Around 18% of company failures in the UK occur within the construction industry. This means businesses in this sector are three times more likely to fail than the national average. In construction, suppliers make or break a project, which is why enhanced due diligence is vital to ensure you didn’t miss any warning signs which could have a knock-on effect on your profit margins and turnover
Performing enhanced due diligence check (EDD) is an essential Know Your Customer (KYC) process for identifying threats from any business you’re dealing with. This protects your organisation from the risks of bad debt, fraudulent crime, and helps minimise the risk of financial sanctions or potential lawsuits.
EDD checks are generally used when dealing with clients or suppliers from high-risk business sectors or countries. However, it’s recommended to vet all potential partners and monitor them throughout your time working together to mitigate risk.
What is a UBO and why is it relevant in construction?
An ultimate beneficiary owner (UBO) is a person or legal entity e.g., an organisation that directly or indirectly benefits from ownership of an asset or has ultimate effective control over it (even though an asset may be legally owned by a different party).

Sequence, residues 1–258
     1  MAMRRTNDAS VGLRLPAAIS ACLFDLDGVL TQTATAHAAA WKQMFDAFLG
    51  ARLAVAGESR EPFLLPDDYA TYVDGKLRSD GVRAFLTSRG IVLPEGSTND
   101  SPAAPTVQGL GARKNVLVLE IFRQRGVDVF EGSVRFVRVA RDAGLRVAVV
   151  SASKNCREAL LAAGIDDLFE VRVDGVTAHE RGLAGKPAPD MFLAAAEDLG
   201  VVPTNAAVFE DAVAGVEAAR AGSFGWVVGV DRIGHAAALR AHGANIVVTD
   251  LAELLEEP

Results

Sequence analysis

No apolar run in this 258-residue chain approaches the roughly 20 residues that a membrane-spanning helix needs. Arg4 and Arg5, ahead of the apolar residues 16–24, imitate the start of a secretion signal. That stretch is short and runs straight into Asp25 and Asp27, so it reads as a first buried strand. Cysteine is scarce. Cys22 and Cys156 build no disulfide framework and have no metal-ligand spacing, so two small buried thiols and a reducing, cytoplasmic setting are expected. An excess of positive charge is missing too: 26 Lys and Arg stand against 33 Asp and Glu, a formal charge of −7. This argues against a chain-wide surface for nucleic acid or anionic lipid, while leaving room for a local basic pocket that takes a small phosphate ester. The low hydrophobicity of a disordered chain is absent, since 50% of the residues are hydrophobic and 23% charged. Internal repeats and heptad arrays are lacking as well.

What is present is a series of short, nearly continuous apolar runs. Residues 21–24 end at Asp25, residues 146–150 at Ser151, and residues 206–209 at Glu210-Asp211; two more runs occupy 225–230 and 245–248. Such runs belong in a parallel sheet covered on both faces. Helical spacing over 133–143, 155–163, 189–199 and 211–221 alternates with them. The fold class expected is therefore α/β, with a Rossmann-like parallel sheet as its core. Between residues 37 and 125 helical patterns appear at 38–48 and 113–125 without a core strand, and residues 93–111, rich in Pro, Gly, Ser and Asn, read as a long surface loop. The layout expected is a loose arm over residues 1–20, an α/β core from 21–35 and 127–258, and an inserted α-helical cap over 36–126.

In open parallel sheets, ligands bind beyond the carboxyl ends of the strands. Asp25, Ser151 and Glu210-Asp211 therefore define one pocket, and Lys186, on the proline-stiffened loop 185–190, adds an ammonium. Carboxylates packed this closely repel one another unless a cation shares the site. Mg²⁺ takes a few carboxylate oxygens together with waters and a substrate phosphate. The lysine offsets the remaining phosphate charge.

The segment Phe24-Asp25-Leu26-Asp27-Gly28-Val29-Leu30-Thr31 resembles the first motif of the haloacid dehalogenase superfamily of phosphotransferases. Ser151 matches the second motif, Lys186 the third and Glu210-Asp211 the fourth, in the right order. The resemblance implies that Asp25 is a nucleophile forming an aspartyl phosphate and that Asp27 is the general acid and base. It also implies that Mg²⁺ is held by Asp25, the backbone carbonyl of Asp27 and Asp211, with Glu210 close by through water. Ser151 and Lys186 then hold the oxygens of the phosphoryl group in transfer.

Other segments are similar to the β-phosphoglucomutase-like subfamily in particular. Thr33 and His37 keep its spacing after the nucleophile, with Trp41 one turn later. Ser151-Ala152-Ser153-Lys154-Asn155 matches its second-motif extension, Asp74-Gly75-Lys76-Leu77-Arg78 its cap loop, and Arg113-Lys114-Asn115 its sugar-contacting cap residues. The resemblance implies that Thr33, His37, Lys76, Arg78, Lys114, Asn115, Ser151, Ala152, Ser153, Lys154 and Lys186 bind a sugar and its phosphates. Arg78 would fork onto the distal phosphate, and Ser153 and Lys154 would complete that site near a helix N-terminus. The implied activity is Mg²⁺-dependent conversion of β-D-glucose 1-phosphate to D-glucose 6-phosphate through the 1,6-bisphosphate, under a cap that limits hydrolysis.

There are many reasons a company conceals their UBO:
- Trading Purposes
- Concealing assets
- Tax evasion
- Money laundering
Without knowledge of who a company’s UBO is, you leave your business open to severe reputational damage if it comes to light that one of your partners is involved in financial crime. This is why you must obtain information that indicates the origin of your client’s wealth and compare your client’s financial and non-financial assets with their real assets. It’s important these figures match.
If you discover any inconsistencies in a client’s net worth/wealth source/earnings, you must report this to be investigated further as it is highly suspicious. When you have established the UBO of your customer’s organisation, it is then important to double verify the identity through an IDV, AML checks, and adverse media scanner to be safe.